Data were coded and captured in the Statistical Package for the Social Sciences version 23 (IBM, 2016). The MBI-SS and UWES-S contain scale-type questions which allow for the calculation of a total score for each respondent. The dataset was subjected to the Kolmogorov-Smirnov Z test to determine normality. Across the 29 sub-scales of the BMI and UWES-S it was found that p<0.05, thus indicating that data distributions were not normal (Field, 2009). Subsequently, significant differences were determined using non-parametric tests, in particular the Mann-Whitney U and Kruskall-Wallis H tests. The results of the Mann-Whitney U tests are accompanied by effect sizes, where -0.1 indicates a small, -0.3 represents a medium and -0.5 denotes a large effect size (Field, 2009). Results of the Kruskall-Wallis H test include the chi-square value (X2). Where appropriate, the standard deviation (SD), median (M), median rank (MR) and total score (S) of responses are provided.

Respondents participated voluntarily in the survey after providing their informed consent (Maxfield & Babbie, 2009). The informed consent letter indicated the purpose of the study, contact particulars of the researchers, and that the completed questionnaires would be stored for archiving purposes. The standard ethical considerations of anonymity, confidentiality and no harm were honoured throughout the study (Leedy & Omrod, 2010). The questionnaire did not gather any personal information that could identify individual respondents. Authorisation to conduct the survey was obtained from the Ethics Committee of the Faculty of Humanities and university management.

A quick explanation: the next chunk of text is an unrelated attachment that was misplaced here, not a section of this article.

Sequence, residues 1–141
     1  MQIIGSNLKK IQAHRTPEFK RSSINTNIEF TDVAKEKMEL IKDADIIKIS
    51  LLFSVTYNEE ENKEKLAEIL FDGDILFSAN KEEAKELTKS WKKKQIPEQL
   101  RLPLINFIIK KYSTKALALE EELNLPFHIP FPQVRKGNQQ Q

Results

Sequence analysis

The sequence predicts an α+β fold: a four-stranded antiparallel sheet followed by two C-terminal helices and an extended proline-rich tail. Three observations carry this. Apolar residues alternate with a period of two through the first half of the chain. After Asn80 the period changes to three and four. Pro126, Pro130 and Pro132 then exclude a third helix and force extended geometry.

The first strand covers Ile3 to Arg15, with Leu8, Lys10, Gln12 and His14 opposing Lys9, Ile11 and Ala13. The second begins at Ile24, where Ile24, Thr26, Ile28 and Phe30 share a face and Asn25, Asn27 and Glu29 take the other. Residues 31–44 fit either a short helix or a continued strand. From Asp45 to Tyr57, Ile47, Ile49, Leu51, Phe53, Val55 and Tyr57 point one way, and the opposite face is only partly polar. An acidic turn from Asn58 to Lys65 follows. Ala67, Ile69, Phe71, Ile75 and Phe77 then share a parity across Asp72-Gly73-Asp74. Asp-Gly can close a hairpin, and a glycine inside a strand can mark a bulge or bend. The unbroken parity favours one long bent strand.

RESULTS

Background characteristics of respondents

The mean age of respondents was 22.7 years (SD=1.82 years). The vast majority of respondents were female (n=41; 95.3%), with only two males (4.7%) participating in the survey. Approximately three quarters of respondents were Black (n=33; 76.7%), followed by nine White respondents (20.9%) and one Coloured (2.3%) respondent. While only one respondent (2.3%) indicated having grown up in a high-income household, 69.8% (n=30) indicated that they grew up in middle-income and 27.9% (n=12) in low-income households. The greater proportion of respondents originated from rural areas (n=18; 41.9%), followed by one in five from township (n=9; 20.9%) and one in twelve (n=8; 18.6%) each from small town and city areas respectively. Nearly a third of respondents (n=14; 32.6%) lived with extended family, followed by one in four (n=10; 23.3%) who lived with their parents, 16.3% (n=7) who lived on their own, 14.0% (n=6) living in a student commune and only one (2.3%) living in a university residence. Five respondents (11.6%) indicated that they had "other" living arrangements.